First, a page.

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Adviser Professional Indemnity (PI) costs continue to soar

It was back in February 2019 that we wrote a blog about the unforeseen consequences of giving good advice in high risk areas. In particular, the difficulty and costs in obtaining PI cover for those advising on pension transfers.

You can read the original blog here

At this time, we were seeing many advisory firms unable to obtain cover from the shrinking pool of PI insurers and for those already struggling to obtain cover, the problem was made worse by an increase in the Financial Ombudsman Service (FOS) compensation limit from £150,000 to £350,000, with effect from 1 April 2019.

The Personal Finance Society (PFS) has now warned that the current coronavirus crisis will further worsen the situation, with all forms of insurance being impacted by the pandemic. Keith Richards, Chief Executive of the PFS, stated: “Areas that look high risk will be far less attractive and one of the big weaknesses of PI when linked to financial regulated advice is the fact the cover is annually renewable. This means insurers can start to de-risk themselves or continue to put hardened terms, together with increased excesses and big premium hikes and advisers are left with no option – having to absorb it or share the cost with their clients.”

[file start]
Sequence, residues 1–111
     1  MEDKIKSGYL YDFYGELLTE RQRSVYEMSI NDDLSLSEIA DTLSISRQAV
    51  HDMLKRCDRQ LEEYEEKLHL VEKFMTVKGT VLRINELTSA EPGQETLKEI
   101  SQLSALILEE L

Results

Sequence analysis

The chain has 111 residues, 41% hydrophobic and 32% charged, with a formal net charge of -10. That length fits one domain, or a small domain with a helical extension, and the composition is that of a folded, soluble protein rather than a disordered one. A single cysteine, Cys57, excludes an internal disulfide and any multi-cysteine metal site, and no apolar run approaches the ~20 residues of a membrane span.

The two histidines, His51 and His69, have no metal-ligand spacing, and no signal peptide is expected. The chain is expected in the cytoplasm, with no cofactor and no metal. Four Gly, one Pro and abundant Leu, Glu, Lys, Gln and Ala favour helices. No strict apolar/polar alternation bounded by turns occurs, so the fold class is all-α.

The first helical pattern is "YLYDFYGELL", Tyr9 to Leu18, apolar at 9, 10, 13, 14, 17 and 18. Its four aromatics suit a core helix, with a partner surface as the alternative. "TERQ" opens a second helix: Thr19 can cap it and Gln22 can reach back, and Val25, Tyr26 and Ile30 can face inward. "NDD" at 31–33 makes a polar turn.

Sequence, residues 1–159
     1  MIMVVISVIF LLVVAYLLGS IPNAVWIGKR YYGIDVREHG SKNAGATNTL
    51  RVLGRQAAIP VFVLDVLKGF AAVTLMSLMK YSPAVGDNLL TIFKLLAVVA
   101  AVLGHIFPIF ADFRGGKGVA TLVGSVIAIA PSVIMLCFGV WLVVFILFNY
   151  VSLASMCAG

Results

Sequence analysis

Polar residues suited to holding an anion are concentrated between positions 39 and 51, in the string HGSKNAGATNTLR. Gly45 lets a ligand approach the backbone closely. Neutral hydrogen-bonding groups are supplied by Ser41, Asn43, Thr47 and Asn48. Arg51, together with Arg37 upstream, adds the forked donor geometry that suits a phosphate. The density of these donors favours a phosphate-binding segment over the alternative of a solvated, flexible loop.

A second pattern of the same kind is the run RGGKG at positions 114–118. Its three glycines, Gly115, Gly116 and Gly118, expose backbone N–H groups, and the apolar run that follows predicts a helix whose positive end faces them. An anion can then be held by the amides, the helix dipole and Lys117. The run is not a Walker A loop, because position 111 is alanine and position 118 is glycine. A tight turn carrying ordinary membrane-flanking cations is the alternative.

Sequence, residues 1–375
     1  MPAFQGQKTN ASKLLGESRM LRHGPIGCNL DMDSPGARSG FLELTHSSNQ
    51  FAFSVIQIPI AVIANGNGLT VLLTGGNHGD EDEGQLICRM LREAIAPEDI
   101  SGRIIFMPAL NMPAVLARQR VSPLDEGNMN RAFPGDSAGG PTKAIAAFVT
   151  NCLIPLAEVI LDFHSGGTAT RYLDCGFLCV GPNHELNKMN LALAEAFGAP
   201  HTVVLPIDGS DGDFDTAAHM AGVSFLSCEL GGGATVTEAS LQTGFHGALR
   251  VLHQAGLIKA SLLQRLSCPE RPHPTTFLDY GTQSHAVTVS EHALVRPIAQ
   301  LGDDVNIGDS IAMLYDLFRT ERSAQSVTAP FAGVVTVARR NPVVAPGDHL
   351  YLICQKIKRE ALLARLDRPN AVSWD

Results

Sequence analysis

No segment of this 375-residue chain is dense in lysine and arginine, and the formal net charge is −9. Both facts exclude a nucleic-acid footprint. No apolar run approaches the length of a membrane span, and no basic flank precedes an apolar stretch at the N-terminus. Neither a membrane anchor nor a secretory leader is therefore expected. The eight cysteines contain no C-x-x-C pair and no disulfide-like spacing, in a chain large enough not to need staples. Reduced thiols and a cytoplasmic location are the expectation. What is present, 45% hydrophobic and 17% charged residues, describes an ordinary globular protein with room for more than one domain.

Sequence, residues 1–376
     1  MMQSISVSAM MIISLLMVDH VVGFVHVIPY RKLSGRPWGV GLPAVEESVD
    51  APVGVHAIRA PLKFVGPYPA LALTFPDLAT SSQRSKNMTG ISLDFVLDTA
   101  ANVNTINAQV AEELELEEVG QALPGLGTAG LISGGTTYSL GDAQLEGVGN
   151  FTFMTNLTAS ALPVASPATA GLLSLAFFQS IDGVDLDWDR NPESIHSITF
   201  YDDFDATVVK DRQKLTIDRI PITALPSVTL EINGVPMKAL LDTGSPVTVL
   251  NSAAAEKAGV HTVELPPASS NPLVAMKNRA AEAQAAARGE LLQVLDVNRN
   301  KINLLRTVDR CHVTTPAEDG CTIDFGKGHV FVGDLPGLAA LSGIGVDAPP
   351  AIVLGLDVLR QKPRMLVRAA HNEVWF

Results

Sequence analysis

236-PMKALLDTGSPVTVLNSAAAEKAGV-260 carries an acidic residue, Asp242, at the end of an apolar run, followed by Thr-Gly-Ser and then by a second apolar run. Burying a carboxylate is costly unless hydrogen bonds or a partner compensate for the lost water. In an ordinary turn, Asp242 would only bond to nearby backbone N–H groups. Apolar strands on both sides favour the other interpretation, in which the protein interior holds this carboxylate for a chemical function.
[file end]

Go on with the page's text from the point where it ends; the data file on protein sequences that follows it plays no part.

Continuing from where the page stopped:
Mr Richards also said he knew of one small advisory firm which had seen its PI premium increase from £13,000 to £130,000. This is a staggering increase of 900%.  He was also been aware of advisers having to shut their businesses over the last year as a result of the PI landscape.

The PFS have continued to campaign for changes to the PI market and have recently written to the Financial Conduct Authority (FCA) and HM Treasury to call for a four-month period of grace for those advisers having to renew during lockdown. However, the FCA issued a statement on its website on 21 April to say that its discussions with brokers and insurers had “given no indication” that insurers were unable to renew policies. The FCA said: “Our position remains that firms need to have PII policies in place in accordance with our rules to support their ability to meet liabilities as they fall due and to protect their consumers. It is ultimately a commercial decision for insurers about what cover they will offer including cost and on what terms. But they need to meet their regulatory obligations, including when manufacturing, distributing and writing a contract of insurance.” 

If you are concerned about future PI costs, and want to see how Sandringham can help you to build a proficient, profitable and future-proofed business, why not contact us?



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